Jan Trewartha, Body In Harmony Training, Diorama Arts Studios, London,
1st-4th September 2014 by Catherine Stone
Jan Trewartha’s Fascial Unwinding and Energy Awareness Course can be taken as a stand-alone course, or as the foundation course of her Diploma in Body Realignment, which is a combination of body realignment, fascial unwinding, energy field therapy and scar-healing techniques, all used to release emotional and physical trauma. Jan is Principal of Body in Harmony Training and Director of the British Fascia Symposium. Originally working as a nurse, her interests moved towards complimentary therapies twenty-two years ago, and she has been developing her unique combination of techniques for over fifteen years. Taught in the context of a discussion on the nature of fascia and the latest research into this intriguing connective tissue, this course is suitable for a wide variety of body workers, and can be incorporated into treatments, or used by itself.
Massage World is delighted to bring over from Canada Paul Lewis BA.
Paul Lewis BA introduces UK therapists to his Dynamic Angular treatment method for chair massage therapists… Whether you are treating the corporate client, athletes, seniors, pregnant women or injured clients; the skills learned here will be invaluable.
Dr Ian Tennant
I’m often intrigued by the way clients describe what it feels like to receive a massage. The sensation felt when working slowly up from the Achilles tendon along the deep fibres of the soleus muscle towards the knee, was likened by one lady to squeezing toothpaste out of tube. Another said her back felt “all warm and squidgy, like porridge or custard” after her treatment – rather than the “brittle, grey plastic guttering” that was lodged in her shoulder blades beforehand. Yet, it was the similarity to “ironing creases out of a tea-towel” which recently got me thinking more about the role of functional, flowing movement and trust during therapy in helping clients stay relieved of unnecessary tension, and aid recovery and proprioceptive reprogramming.
Alan P Smith BSc(Hons) MSc(Biomedical Science) DO
Most people believe the centuries old notion that if a part of the body hurts then there must be something wrong with it, and the more it hurts the more it must be injured, inflamed, infected etc. This accords well with many everyday experiences; if you stub your toe it hurts – and the harder you stub it the more it hurts. When I started out as a therapist I shared this same ‘pathoanatomical’ belief. The perception I had of my ‘job’, in treating patients with musculoskeletal pain, was that I firstly had to identify the injured anatomy (using the tests I had been taught) such as to arrive at a ‘diagnosis’, then treat their injured body part (using the remedial skills I had been taught) such as to assist healing and bring about a resolution – and that was it basically! Sometimes this approach worked very well (in acute sports injuries for example) but other times, frustratingly, the patient’s pain experiences didn’t accord with this sort of rationale at all and whilst I gave the best treatment I could It was often without any clear understanding.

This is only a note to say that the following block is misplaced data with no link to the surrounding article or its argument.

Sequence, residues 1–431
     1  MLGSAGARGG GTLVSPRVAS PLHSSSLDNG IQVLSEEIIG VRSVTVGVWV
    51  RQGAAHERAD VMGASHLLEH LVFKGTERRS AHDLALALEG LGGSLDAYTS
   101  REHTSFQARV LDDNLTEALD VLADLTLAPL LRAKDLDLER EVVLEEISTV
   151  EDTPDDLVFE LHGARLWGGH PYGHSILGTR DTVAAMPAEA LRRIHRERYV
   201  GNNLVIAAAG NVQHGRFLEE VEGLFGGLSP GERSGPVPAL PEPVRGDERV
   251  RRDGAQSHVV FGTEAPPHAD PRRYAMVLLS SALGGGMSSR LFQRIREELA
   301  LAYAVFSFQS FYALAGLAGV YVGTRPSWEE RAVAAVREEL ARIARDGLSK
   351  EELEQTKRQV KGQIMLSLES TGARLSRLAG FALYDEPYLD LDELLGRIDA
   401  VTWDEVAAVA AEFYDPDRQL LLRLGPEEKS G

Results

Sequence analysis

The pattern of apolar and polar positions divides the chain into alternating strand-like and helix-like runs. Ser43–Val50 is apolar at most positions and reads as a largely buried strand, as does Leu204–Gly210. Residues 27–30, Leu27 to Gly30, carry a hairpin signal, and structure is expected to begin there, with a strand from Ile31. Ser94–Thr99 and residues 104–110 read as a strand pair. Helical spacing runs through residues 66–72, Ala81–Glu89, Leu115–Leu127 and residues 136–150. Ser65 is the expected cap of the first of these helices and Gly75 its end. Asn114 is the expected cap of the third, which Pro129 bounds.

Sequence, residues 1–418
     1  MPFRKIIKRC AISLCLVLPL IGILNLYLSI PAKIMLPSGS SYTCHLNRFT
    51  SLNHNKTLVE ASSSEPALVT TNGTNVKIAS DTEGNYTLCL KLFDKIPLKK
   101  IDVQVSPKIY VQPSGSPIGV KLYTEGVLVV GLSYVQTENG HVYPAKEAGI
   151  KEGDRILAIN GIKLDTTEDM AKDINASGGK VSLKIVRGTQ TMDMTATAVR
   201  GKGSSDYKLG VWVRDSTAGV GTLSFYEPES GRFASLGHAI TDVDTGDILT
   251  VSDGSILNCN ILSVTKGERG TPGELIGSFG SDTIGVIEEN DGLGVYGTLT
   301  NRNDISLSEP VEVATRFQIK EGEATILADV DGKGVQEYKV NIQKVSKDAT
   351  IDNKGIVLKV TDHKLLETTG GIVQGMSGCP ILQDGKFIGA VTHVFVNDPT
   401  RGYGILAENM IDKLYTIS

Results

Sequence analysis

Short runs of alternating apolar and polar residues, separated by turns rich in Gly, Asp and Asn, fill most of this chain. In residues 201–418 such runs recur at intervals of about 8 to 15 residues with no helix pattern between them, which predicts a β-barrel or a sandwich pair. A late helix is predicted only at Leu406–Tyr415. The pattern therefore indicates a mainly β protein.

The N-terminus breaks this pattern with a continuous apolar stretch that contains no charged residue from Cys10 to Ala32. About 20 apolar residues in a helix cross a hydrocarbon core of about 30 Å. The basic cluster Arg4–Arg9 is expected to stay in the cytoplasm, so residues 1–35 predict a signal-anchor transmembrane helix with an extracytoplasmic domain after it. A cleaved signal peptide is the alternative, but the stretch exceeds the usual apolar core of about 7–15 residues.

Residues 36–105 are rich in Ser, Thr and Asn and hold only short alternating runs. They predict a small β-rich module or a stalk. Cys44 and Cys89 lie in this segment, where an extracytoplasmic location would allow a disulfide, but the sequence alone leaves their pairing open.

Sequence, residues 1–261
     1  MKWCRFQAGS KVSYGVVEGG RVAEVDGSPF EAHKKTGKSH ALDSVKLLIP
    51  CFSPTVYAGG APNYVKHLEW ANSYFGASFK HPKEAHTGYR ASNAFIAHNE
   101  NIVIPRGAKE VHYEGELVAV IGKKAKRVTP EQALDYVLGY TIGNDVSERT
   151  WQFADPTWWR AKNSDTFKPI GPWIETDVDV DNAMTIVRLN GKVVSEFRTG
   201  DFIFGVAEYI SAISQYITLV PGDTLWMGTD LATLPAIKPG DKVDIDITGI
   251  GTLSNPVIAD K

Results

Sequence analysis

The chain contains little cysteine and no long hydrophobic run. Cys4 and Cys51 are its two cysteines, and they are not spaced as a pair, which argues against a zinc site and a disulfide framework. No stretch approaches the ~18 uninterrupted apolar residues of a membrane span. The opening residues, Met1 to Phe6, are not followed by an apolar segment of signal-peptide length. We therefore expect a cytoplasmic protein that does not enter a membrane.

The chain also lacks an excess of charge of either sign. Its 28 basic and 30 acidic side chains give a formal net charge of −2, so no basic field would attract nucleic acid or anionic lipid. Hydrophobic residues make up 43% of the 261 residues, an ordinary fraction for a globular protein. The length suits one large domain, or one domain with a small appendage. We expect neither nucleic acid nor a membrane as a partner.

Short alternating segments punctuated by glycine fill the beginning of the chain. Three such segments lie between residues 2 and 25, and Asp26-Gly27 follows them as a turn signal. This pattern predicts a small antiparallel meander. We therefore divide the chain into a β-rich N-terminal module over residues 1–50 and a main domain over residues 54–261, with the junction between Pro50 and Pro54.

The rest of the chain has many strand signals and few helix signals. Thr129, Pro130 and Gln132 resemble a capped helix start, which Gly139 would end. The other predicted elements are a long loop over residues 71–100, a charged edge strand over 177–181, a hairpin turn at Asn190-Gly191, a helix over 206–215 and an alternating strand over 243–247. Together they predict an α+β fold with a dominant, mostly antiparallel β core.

An interview with Pennie Hooper, a leading Equestrian Sports Massage practitioner, by Susan Findlay
The original Olympic events were influenced by military skills needed in times of war such as riding skills. Equestrian events further obtained their inspiration from the chariot races of the ancient Greek games. Until 1952 only commissioned officers of the military could compete in Olympic dressage, a sport in which humans and animals are teammates. As with sailing, equestrian is the only other Olympic sport where men and women compete against each other.